Log4Net Hack: Customizing Log File Paths After Configuration

§ November 28, 2009 04:48 by beefarino |

I get a lot of log4net questions through my blog because of the tutorials I've written up.  One item that comes up frequently is how to configure a FileAppender to be able to write a single log file from multiple instances of the same application.  The truth is, you can't do it.  Or more precisely, there is no way to do it and expect not to lose log events and have your application performance suffer greatly.

First let me show you how to allow multiple applications access to a single log file.  It's actually quite easy:

 <?xml version="1.0" encoding="utf-8" ?>
 <configuration>
  <configSections>
    <section name="log4net" type="log4net.Config.Log4NetConfigurationSectionHandler, log4net"/>  
  </configSections>
  <log4net>
    <appender name="FileAppender" type="log4net.Appender.FileAppender">
      <file value="log-file.txt" />
      <appendToFile value="true" />
      <lockingModel type="log4net.Appender.FileAppender+MinimalLock" />
      <layout type="log4net.Layout.SimpleLayout" />         
    </appender>
    <root>
      <level value="DEBUG" />
      <appender-ref ref="FileAppender" />      
    </root>    
  </log4net>
  
</configuration> 

Since I discuss the parameters and pitfalls of the FileAppender elsewhere, I will leave it to you to read up on them more if you want to.  The locking mode being used here is causing log4net to acquire the file handle before each log event, then close the handle after the log event is written.  Doing this allows other applications to get write access to the file when no one else is currently logging, but the technique has a few serious flaws that should prevent you from using it:

  1. All of that file opening and closing seriously hampers performance;
  2. The log file will be shared, but access conflicts will still occur between applications attempting to log events at the same time, resulting in more performance degredation and "dropped" log events.

You may be able to address some of the performance issues using a BufferingForwardingAppender that sends large chunks of events to the minimally-locking FileAppender; however this will not resolve the contention over the single log file that is at the root of the issue.

The simplest solution to this problem is to use a different type of appender that is designed for concurrent use.  For instance, the EventLogAppender or AdoNetAppender use technologies that will manage concurrency issues for you.  If you're dead set on using the filesystem, the next simplest solution is to have each application log to a unique file, thus removing any log file contention at runtime.  The separate log files can be collated once the run is over using a tool like LogParser.  The drawback to this approach is that you have to hack it in: there is no direct way to modify the filename in the FileAppender based on the runtime environment.

That said, it's not hard.  Check out this simple console application:

using System;
using System.Collections.Generic;
using System.Linq;
using System.Text;
using log4net;
using log4net.Appender;
namespace log4netPostConfig
{
    class Program
    {       
        static void Main( string[] args )
        {
            log4net.Config.XmlConfigurator.Configure();
            var filePostfix = "_" + Guid.NewGuid().ToString( "N" );
            
            var fileAppenders = from appender in log4net.LogManager.GetRepository().GetAppenders()
                                where appender is FileAppender
                                select appender;
            fileAppenders.Cast<FileAppender>()
                .ToList()
                .ForEach(
                    fa =>
                    {
                        fa.File += filePostfix;
                        fa.ActivateOptions();
                    }
                );
            ILog Log = log4net.LogManager.GetLogger( System.Reflection.MethodBase.GetCurrentMethod().DeclaringType );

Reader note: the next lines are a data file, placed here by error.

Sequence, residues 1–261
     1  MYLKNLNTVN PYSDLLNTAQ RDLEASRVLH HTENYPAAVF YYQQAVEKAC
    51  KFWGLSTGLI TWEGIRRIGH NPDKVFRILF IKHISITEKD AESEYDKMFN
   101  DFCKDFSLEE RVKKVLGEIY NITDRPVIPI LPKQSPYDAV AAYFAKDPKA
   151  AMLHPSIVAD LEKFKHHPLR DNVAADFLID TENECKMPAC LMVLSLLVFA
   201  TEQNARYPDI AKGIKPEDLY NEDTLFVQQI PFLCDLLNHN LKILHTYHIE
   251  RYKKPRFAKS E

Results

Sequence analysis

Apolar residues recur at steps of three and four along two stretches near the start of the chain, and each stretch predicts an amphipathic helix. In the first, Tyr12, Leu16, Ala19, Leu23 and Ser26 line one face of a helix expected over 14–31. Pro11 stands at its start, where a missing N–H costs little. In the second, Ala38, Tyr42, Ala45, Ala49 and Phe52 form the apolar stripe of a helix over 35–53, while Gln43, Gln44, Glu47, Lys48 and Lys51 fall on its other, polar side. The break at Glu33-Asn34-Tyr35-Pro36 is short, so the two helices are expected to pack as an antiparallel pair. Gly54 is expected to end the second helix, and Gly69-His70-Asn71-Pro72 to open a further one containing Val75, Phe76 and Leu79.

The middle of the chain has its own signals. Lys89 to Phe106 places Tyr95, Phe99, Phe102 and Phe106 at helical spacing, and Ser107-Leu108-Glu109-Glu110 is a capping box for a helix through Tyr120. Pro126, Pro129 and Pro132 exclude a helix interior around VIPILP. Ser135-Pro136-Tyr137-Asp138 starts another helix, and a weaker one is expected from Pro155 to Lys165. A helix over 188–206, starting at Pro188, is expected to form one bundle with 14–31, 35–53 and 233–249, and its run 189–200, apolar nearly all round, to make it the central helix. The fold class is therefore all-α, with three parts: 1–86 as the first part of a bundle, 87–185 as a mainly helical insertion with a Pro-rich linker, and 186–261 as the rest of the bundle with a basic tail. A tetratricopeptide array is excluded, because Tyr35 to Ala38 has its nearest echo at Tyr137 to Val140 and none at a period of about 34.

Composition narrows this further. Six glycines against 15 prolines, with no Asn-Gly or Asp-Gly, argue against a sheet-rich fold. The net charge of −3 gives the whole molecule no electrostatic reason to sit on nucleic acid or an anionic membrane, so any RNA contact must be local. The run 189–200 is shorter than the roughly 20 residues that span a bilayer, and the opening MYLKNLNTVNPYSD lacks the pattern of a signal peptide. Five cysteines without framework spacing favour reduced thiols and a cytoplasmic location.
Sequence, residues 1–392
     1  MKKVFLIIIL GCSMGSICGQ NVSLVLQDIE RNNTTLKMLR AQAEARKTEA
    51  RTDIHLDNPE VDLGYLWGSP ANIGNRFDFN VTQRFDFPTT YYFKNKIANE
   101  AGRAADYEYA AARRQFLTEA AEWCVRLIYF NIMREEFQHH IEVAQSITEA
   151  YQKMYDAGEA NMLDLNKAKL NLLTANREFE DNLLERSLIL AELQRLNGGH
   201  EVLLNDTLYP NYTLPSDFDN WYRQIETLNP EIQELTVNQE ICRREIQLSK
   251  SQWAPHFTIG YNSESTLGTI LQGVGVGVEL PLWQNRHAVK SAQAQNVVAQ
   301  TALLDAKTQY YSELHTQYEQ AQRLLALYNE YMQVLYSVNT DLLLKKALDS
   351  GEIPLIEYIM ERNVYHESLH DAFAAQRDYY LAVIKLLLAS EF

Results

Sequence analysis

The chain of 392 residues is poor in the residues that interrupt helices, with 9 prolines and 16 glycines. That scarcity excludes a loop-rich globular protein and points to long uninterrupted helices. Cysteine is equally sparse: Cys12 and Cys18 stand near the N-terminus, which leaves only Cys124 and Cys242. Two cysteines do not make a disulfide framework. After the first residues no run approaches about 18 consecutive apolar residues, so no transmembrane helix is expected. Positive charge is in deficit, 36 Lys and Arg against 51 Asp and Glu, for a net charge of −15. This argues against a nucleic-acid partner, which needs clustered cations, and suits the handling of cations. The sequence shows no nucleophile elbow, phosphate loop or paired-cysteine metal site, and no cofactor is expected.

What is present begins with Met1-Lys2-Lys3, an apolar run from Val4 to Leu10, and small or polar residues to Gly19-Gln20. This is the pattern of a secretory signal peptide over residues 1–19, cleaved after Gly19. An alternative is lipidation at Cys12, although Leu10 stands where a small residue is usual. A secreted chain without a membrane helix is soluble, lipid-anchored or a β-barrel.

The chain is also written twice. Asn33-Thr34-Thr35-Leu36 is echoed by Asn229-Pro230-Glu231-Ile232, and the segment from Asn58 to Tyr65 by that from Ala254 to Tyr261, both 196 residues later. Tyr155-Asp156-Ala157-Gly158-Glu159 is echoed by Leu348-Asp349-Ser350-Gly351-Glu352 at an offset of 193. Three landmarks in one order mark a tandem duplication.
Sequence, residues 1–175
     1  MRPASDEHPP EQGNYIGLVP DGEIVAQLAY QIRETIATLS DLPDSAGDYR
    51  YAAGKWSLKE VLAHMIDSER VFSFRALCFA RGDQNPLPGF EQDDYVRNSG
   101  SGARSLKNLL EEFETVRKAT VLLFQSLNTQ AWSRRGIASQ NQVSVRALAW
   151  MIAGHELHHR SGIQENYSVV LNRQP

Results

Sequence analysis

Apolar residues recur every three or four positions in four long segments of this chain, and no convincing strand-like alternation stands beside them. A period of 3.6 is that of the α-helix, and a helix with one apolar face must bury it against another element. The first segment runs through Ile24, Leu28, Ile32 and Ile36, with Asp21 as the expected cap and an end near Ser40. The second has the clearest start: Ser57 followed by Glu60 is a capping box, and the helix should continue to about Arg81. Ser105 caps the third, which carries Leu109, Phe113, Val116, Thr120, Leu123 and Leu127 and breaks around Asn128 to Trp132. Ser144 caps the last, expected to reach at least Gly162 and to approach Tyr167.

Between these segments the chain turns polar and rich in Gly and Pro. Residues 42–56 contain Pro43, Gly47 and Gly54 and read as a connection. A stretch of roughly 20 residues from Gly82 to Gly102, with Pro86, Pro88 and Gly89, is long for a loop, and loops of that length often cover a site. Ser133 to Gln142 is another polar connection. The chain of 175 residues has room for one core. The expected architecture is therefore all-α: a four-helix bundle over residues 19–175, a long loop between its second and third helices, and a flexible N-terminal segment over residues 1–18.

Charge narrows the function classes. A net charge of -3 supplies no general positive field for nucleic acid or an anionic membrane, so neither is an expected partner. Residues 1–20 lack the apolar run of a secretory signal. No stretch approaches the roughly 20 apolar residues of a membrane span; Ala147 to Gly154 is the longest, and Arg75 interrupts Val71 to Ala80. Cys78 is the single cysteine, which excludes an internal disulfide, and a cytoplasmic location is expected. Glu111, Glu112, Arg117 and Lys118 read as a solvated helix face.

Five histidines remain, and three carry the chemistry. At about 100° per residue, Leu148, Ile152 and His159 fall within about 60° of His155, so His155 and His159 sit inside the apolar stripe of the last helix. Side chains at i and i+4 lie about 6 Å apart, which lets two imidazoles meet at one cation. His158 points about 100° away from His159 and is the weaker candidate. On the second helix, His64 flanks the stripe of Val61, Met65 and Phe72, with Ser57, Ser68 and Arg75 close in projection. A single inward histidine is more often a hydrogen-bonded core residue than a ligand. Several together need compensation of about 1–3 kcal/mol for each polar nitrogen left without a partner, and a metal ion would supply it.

Log.InfoFormat( "this process is using log file postfix [{0}]", filePostfix );
        }
    }
} 

This example loads the logging configuration from the app.config (line 14).  The log4net configuration is searched for instances of FileAppenders (line 16), which have their filename parameters handrolled with some process-specific information (line 25) - a GUID in this case, the current process identifier may be another good choice.  Calling the ActivateOptions on each modified appender is vital (line 26), as it recreates each file handle using the new filename configuration parameter set in the code.

The app.config for this example is just a plain vanilla logging configuration:

<?xml version="1.0" encoding="utf-8" ?>
 <configuration>
  <configSections>
    <section name="log4net" type="log4net.Config.Log4NetConfigurationSectionHandler, log4net"/>  
  </configSections>
  <log4net>
    <appender name="FileAppender" type="log4net.Appender.FileAppender">
      <file value="log-file.txt" />
      <appendToFile value="true" />
      <encoding value="utf-8" />
      <layout type="log4net.Layout.SimpleLayout" />         
    </appender>
    <root>
      <level value="DEBUG" />
      <appender-ref ref="FileAppender" />      
    </root>    
  </log4net>
  
</configuration>

Note that the log-file.txt specified in the app.config will be created when the XML logging configuration is loaded (line 13 in my code example above), but it will never be written to.

Edit Notes

I just noticed after publishing this that a very similar example was written almost 2 months ago by Wil Peck.



Twitter Appender for Log4Net

§ July 7, 2009 04:13 by beefarino |

Casey Watson just published a post describing how to create a Twitter appender for log4net!  Not only is the idea creative and fun, but it's also great sample code if you want to build your own custom appenders.

Please check it out here: http://caseywatson.com/2009/07/07/log4net-twitter-awesome/

NICE WORK CASEY!



Death by Logging Mantra #1 - Logs Consume Space

§ June 15, 2009 18:03 by beefarino |

As much as I love and lean on logging, it's not immune from problems.  In fact, it can be the source of some serious headaches.  A recent snafu at work prompted me to write about some situations where logging can bring your application performance to a screeching halt, or crash your application altogether. 

Here's what happened...

An incredibly complex system of hardware and software had been running smoothly for months; as part of an instrumentation layer we opted to change the rolling log strategy from 50 10MB text files:

...
<appender name="TextFile" type="log4net.Appender.RollingFileAppender">
    <file value="logs\log.txt" />
    <appendToFile value="true" />
    <rollingStyle value="Size" />
    <maxSizeRollBackups value="50" />
    <maximumFileSize value="10MB" />
    <layout type="log4net.Layout.XMLLayout">